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Home > World

Astromonopoly

13 January 2005

In November 1980, an unemployed ventriloquist called Dennis Hope lassoed the moon. Not literally of course, but legally, which requires more paperwork, but less rope.

In 1967, as the race to space continued apace, the UN signed the Outer Space Treaty. Essentially, this treaty forbade any government from claiming any extra-terrestrial body as their own private property. What it failed to do however, was to extend that bar to individuals or corporations. Thirteen years later Dennis Hope - a poor man's Keith Harris, with a glorious dream - spotted the loophole and exploited it, filing for ownership not only of the moon, but also of Mars, Venus, Mercury and various other assorted astronomical knick-knacks in our solar system. But he left the Sun and the Earth because he didn't like the colours.

Then he promptly set about selling off his property, an acre at a time. To date, Hope is said to have earned over six million dollars from the moon alone.

This week a Russian lawyer called Vladimir Osipov exploited the same loophole when he laid claim to the clouds. Osipov submitted his official claim to his local notary office in the town of Yeisk, and like Hope before him, notified the international community, to the tune of 150 countries, of his intention to take the clouds as his own. Unlike Hope however, who incidentally is American, Osipov is not seeking financial reward.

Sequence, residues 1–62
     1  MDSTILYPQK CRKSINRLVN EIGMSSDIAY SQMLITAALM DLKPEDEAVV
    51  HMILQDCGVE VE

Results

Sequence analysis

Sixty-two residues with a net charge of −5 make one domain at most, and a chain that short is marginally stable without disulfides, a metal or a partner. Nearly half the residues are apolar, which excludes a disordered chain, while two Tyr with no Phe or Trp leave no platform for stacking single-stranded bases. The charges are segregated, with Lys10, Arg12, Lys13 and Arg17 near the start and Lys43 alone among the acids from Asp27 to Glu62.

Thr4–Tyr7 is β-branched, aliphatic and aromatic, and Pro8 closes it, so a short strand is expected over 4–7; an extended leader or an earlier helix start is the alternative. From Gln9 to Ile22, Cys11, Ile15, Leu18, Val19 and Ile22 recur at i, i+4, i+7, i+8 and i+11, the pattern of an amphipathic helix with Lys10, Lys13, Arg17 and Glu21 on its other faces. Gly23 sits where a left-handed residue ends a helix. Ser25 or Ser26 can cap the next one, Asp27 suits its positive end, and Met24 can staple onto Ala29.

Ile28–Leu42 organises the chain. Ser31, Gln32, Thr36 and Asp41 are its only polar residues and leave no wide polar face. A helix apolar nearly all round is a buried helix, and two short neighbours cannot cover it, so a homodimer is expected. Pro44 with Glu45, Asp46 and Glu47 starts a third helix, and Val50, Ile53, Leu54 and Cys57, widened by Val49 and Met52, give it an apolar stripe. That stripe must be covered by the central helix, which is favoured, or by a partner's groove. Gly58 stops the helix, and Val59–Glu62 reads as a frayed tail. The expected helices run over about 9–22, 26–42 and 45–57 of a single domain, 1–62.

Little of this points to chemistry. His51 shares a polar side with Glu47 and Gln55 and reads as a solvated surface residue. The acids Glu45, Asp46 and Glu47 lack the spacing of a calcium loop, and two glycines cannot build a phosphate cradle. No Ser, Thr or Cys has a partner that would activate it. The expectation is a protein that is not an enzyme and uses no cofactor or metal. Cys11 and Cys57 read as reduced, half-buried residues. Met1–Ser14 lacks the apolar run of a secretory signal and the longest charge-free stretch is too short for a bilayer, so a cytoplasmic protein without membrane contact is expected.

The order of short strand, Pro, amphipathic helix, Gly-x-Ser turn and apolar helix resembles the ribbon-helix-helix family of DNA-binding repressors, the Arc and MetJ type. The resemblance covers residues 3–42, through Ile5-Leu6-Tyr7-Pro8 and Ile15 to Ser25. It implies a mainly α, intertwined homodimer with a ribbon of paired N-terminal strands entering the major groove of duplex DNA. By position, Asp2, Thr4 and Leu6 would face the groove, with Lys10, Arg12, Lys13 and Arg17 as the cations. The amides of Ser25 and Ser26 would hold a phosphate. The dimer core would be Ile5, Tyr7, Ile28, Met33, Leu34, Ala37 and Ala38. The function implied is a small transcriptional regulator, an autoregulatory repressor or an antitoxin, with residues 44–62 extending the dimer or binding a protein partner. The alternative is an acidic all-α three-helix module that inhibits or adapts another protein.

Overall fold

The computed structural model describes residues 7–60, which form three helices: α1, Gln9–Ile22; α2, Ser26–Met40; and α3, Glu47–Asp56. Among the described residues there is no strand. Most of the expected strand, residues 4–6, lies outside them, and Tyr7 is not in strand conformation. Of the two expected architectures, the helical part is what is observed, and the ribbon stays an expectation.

Rather it is his intention to use the private property status of the clouds to force environmentally-friendly policies on pollutant-puking factories. He told Pravda that he intends to confer ownership of the clouds on environmental groups. 'They will definitely want their private property to be ecologically pure,' he said. 'That is why they will demand ecologically pure technologies from those who use natural resources.' In cases where clouds are harmed by chemical pollution, the polluters will be sued for punitive damages. Presumably the theory is that when
guilty corporations see how much they are set to lose, they will begrudgingly phase out all of their environmentally-unfriendly practices, maybe start paying their employees decent wages and finally fully realise that the pursuit of profits are nothing as compared to the nurturing of humankind and the protection of
Mother Nature.

And it is a wonderful theory. But probably the only reason Dennis Hope was able to make his millions from the moon was because that's all he was interested in: making millions. The powers-that-be can understood that, and admire it. It's the American Dream. Osipov on the other hand just wants to cause trouble. He's not interested in money at all. Unforgivably, if he gets his way, he might actually end up forcing the international business community to lose money. And that can't be allowed to happen. This is why his cloud scam is destined for failure and the oceans in the sky shall forever remain the plaything of the careless corporation. Ah well.

In the meantime we at TFT have our eyes on the Sun. Dennis Hope didn't want it. We do. So we're going to claim it. And then when it's ours, if people don't start acting responsibly and with a great deal more humanity, let's say, by the middle of summer - we're going to turn it off.

Click.



Comment on this article: letters@thefridaything.co.uk

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